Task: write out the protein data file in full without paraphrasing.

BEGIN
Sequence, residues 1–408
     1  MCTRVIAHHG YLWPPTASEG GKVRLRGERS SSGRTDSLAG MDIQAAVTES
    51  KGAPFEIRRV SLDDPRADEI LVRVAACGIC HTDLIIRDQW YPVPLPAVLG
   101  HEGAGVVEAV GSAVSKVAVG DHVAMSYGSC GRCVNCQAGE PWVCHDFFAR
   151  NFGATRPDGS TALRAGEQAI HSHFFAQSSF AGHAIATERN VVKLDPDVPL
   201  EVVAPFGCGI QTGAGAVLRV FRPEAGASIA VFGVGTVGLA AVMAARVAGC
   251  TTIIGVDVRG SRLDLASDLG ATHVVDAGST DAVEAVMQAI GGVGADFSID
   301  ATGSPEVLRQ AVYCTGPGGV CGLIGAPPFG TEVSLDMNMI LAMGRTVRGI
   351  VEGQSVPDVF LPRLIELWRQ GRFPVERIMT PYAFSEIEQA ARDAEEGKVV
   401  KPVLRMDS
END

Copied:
Sequence, residues 1–408
     1  MCTRVIAHHG YLWPPTASEG GKVRLRGERS SSGRTDSLAG MDIQAAVTES
    51  KGAPFEIRRV SLDDPRADEI LVRVAACGIC HTDLIIRDQW YPVPLPAVLG
   101  HEGAGVVEAV GSAVSKVAVG DHVAMSYGSC GRCVNCQAGE PWVCHDFFAR
   151  NFGATRPDGS TALRAGEQAI HSHFFAQSSF AGHAIATERN VVKLDPDVPL
   201  EVVAPFGCGI QTGAGAVLRV FRPEAGASIA VFGVGTVGLA AVMAARVAGC
   251  TTIIGVDVRG SRLDLASDLG ATHVVDAGST DAVEAVMQAI GGVGADFSID
   301  ATGSPEVLRQ AVYCTGPGGV CGLIGAPPFG TEVSLDMNMI LAMGRTVRGI
   351  VEGQSVPDVF LPRLIELWRQ GRFPVERIMT PYAFSEIEQA ARDAEEGKVV
   401  KPVLRMDS